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Iwata Eclipse Packing OLD style.

Discussion in 'Troubleshooting!' started by Eric'sTshirts, Nov 4, 2017.


  1. Eric'sTshirts

    Eric'sTshirts Young Tutorling

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    Thanks DaveG, I think you solved that issue for me. These are likely very old. They seem to work, but I was hoping the common problem they share was due to the packing. So ... going a bit off topic, most of these brushes have a bubbling issue with the bottles. I found that if I applied some thick old to the threads of the aircap/head, and really cranked with a wrench, I could stop this. But I don't think I should need to wrench to get a good seal. I replaced all the O-rings. My guess is that these are really old, and I should consider replacing the heads? Also, they seem to have some issues at 50psi sucking paint up the bottle. The bottles are new, and cleaning fluid will flow just fine. I've tried thinning the paint, but this does not seem to matter sometimes. It seems the slightest issue and the paint splutters. Since this is common to many (4 out of 10) guns, I am trying to find out why. So ... I guess I'll google the common reasons for spluttering paint.

    Thanks all for your help so far!
  2. DaveG

    DaveG Mac-Valve Maestro! Very Likeable!

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    OK, these issues you are describing would not have to do with the needle packing, and may all be related to one another.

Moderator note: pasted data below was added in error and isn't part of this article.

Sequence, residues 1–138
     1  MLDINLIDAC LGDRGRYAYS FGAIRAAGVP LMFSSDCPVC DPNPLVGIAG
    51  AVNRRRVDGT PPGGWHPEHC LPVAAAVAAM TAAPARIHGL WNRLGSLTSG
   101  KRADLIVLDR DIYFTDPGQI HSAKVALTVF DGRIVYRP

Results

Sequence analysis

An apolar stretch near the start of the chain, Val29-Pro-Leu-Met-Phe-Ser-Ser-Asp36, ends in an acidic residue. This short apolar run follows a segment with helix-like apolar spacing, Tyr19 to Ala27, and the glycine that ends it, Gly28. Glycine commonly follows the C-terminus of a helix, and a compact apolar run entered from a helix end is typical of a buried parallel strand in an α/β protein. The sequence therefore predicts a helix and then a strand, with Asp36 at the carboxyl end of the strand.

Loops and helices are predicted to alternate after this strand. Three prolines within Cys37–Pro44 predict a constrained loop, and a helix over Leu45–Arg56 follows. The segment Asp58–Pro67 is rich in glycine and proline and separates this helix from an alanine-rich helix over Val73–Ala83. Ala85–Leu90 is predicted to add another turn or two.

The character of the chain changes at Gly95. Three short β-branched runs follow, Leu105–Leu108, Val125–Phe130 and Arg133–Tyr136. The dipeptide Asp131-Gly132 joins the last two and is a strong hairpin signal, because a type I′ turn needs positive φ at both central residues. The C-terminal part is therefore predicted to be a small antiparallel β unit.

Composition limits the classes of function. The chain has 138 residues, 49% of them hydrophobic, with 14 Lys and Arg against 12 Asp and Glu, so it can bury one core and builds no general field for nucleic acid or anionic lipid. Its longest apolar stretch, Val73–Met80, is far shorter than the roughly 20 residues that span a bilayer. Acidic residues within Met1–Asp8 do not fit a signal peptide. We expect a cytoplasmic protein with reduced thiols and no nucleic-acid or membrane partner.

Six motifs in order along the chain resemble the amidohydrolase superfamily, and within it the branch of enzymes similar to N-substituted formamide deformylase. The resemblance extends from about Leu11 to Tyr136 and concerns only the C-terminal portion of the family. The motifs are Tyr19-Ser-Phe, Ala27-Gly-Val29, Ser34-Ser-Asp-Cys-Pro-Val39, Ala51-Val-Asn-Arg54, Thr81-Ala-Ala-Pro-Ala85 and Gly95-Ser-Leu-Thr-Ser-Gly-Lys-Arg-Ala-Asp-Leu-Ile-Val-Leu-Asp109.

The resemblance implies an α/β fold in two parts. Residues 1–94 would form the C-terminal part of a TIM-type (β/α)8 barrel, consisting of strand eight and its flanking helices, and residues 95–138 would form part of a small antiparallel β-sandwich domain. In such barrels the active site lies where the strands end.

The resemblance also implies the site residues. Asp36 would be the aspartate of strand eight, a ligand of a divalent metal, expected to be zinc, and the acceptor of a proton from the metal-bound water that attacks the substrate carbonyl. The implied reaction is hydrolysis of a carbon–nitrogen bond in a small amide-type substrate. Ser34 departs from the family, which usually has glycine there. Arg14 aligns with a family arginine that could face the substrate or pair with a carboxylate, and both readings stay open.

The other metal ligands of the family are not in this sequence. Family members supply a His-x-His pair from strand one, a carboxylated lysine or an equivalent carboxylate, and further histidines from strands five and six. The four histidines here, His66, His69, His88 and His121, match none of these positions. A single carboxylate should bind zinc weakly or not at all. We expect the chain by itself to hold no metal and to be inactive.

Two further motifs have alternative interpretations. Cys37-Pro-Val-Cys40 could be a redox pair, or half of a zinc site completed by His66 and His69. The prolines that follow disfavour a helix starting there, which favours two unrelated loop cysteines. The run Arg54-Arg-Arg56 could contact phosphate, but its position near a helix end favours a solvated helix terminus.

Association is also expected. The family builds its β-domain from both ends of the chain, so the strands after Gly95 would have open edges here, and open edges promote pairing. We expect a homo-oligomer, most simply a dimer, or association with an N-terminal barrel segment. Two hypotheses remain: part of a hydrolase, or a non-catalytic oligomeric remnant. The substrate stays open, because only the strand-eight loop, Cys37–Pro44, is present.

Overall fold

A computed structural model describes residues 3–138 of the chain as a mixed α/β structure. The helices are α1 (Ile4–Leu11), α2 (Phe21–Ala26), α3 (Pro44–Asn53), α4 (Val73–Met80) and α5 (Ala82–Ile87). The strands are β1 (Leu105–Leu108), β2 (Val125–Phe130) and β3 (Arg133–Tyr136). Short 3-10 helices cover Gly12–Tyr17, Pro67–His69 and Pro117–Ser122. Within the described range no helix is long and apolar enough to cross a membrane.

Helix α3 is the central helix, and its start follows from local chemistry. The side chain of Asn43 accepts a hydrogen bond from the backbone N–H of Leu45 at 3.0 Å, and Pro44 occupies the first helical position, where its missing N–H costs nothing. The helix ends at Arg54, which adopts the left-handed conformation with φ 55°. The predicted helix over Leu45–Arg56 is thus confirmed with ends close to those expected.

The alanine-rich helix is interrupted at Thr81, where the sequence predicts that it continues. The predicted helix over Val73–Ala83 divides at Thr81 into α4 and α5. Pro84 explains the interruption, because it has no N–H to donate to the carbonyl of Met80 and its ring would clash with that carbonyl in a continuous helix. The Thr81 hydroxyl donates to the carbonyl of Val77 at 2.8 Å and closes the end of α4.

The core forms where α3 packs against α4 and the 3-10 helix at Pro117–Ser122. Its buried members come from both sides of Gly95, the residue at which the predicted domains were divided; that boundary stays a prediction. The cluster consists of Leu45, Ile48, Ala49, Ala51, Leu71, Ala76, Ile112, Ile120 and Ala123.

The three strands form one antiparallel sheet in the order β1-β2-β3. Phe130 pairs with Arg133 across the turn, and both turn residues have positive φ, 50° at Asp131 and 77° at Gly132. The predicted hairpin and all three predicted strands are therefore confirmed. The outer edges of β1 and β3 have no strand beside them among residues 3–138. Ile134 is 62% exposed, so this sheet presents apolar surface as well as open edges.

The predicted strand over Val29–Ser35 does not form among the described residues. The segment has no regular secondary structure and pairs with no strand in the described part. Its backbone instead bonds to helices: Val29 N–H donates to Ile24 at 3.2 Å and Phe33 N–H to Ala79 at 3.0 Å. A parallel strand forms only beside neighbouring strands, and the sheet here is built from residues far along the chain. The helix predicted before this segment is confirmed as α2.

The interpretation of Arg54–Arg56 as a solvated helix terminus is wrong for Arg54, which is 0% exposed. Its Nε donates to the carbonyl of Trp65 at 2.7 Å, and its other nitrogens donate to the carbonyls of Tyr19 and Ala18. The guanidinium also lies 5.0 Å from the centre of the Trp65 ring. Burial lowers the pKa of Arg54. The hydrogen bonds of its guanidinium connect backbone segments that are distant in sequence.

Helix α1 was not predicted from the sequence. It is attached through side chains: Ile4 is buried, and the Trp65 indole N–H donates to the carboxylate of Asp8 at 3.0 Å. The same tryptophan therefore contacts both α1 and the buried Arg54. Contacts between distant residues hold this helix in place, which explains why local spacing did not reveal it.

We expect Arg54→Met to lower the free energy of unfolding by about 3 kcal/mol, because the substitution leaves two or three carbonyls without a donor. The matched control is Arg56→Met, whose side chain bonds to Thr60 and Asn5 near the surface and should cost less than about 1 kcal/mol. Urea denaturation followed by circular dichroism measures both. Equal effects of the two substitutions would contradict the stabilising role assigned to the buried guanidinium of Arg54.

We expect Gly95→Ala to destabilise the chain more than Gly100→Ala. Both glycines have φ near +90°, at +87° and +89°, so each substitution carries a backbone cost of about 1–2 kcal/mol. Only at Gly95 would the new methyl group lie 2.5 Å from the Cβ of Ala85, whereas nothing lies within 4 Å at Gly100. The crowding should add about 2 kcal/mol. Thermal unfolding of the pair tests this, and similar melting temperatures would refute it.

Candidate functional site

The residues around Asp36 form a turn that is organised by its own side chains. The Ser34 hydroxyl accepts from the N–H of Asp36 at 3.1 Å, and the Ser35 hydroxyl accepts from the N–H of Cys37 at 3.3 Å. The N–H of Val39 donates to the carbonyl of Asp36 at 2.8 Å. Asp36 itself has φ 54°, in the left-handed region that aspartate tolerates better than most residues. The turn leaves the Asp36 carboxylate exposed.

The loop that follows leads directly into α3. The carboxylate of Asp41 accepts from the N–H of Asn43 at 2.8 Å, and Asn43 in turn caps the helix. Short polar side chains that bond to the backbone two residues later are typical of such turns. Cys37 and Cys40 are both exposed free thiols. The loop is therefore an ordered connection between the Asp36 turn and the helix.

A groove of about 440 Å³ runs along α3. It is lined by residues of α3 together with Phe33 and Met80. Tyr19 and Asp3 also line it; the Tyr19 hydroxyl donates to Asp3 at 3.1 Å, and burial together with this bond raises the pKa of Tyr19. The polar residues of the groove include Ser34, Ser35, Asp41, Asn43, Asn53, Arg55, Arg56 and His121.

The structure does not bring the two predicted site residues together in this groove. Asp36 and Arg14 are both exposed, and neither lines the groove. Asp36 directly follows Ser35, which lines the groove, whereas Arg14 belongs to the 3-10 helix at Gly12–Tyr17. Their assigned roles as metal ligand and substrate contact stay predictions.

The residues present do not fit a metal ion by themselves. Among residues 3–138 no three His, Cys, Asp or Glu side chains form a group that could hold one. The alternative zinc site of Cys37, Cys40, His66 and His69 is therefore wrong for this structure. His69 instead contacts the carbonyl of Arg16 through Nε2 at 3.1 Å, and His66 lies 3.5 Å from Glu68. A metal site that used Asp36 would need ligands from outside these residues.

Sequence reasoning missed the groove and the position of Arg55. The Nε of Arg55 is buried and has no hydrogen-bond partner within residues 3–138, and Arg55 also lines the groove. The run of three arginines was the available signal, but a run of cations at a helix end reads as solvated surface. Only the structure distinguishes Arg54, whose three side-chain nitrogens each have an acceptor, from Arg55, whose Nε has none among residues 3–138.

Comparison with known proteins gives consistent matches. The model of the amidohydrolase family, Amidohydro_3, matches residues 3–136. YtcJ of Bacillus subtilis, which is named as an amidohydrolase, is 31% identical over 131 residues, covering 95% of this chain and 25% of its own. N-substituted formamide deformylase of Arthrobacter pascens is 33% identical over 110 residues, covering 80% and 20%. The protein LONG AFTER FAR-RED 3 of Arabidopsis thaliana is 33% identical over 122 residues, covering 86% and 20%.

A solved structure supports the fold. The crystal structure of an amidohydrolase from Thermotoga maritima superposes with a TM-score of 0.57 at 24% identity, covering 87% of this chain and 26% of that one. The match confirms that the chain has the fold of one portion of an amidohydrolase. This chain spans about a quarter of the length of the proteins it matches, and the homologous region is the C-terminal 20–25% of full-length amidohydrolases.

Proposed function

Bubbling in the bottle or cup - Air enters the brush on the bottom, exits at the front (in front of the paint supply). For air to make it back into the paint supply, there has to be a leak somewhere. On the Eclipse, that will almost always be the nozzle cone. The cone fits into a small tapered section, then the nozzle cap screws down on top of it, in theory forcing the taper to create a seal. Does not always happen - debris may be trapped between the nozzle and brush body. Over zealous cleaning and scraping could cause a scratch on one or both parts... it is a common condition. I tiny bit of chapstick or bees wax applied to the taper of the nozzle cone before installation into it's taper in the brush body will solve this problem. A little goes a LONG way. For good measure,a little chapstick or bees wax applied to the threads of the nozzle cap will also aid in sealing everything up.

    I will mention, that if the nozzle caps have been tightened to an extreme, it is possible that they (the nozzles) are now distorted, and would benefit from being replaced. It is also possible that a crack at the leading edge of the nozzle could be the source of air introduction back into the paint supply... Which leads to the next issue. Poor paint flow from the bottles. Paint is drawn up into the brush by a vacuum created by airflow over the nozzle - air leaks will diminish the potential vacuum, and effect paint flow. Addressing the nozzle as described above will more than likely cure your ails, as long as paint reduction is correct for the pressure being used. Also, make sure the vent hole in the top or the glass jars is open, and free of obstruction - as paint is being drawn out of the bottle, air needs to be drawn in to replace it.
    doc1 likes this.

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